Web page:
Everyone must do a better job of warning players about gambling
Although the evidence suggests that Colts cornerback Isaiah Rodgers knew he was violating the gambling policy, given that the account he used reportedly was in the name of an associate, this latest example of the intersection between NFL players and sports book apps should be the one that finally gets everyone’s attention.
Even if their attention should have been gotten years ago.
The fact that so many players have been suspended for violating the league’s gambling policy amounts to a failure by many. The league, the union, the teams, agents, everyone -- including the players.
The NFL’s policy reads as if it was written by lawyers for lawyers. One or more teams, we’re told, have re-written it to make it understandable to players and non-players.
The league’s decision to unilaterally impose a gambling policy that includes clunky, inconsistent provisions regarding where and how players can bet on non-NFL sporting events has given the NFL Players Association no reason to take ownership of the final product and assist with its proper implementation. As a result, plenty of players don’t realize that, while it’s not a violation to make a bet on a non-NFL sporting event on the sidewalk outside the team facility, it becomes one as soon as they walk through the door.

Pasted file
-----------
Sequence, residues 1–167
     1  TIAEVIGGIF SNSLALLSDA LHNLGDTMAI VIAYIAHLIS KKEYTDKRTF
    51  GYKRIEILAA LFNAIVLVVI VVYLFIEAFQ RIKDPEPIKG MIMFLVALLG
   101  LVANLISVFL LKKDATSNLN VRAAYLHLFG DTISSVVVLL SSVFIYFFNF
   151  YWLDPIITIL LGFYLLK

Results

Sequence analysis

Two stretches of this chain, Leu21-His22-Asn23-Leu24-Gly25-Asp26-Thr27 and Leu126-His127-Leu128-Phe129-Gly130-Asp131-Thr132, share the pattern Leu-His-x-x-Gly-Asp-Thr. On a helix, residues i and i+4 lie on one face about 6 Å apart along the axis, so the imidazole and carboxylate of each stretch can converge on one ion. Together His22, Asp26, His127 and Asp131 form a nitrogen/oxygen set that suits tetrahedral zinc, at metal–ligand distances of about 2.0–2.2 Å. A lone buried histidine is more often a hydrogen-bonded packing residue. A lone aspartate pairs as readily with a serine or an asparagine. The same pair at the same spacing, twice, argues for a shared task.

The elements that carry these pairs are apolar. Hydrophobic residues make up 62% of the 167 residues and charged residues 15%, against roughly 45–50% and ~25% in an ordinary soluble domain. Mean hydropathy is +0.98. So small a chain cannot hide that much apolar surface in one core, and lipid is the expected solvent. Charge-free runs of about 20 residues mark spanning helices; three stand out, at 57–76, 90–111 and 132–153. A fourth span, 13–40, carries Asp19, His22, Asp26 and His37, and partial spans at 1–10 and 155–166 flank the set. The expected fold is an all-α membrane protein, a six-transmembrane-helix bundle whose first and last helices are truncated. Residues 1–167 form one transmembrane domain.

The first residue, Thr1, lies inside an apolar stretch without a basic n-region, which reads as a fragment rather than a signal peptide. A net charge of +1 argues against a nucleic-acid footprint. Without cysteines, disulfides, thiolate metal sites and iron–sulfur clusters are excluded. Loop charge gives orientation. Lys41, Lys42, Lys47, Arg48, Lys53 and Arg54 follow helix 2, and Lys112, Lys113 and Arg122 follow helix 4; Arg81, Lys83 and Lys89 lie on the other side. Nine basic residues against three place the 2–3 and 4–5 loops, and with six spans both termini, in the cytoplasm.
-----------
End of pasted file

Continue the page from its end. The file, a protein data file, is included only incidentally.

The union has not made education the kind of priority that it should have been. When the crap hit the fan in April with five suspensions announced in one fell swoop, the union sent an email not to all players but to all agents. As if it’s the agents’ responsibility, not the union’s responsibility, to explain the rules to the players.
Everyone has an incentive to get this right. The NFL, the NFLPA, the unions, the teams, the agents, the players.
Everyone. Us included. We all want the best football players to be available to play football. We don’t want to see careers become derailed or destroyed because no one has gotten in each player’s face and made it clear to him that, if you do this, you will be caught, and you will be done.
Coaches get in players’ faces all the time, about all sorts of things. Coaches set clear rules for players all the time. Why is this any different?
Given the extreme consequences of a violation, this is something about which coaches should be hounding players every single day. The league should want that. The union should want that. Everyone should want that.
And if they are hounding the players constantly and it’s still happening, then maybe someone needs to take a step back and wonder whether something else is going on. Do some players arrive at the NFL already with a gambling addiction?
At a deeper level, is the NFL’s ongoing money grab via umpteen sports book sponsorships sending a mixed message to players who think that, if it’s OK for the owners to take gambling money on the back end, they should be allowed to try to take some of it on the front end?
Whatever the cause(s), it’s the biggest problem the NFL is currently facing. And it’s just a matter of time before the NFL finds itself without a star player or two because of it.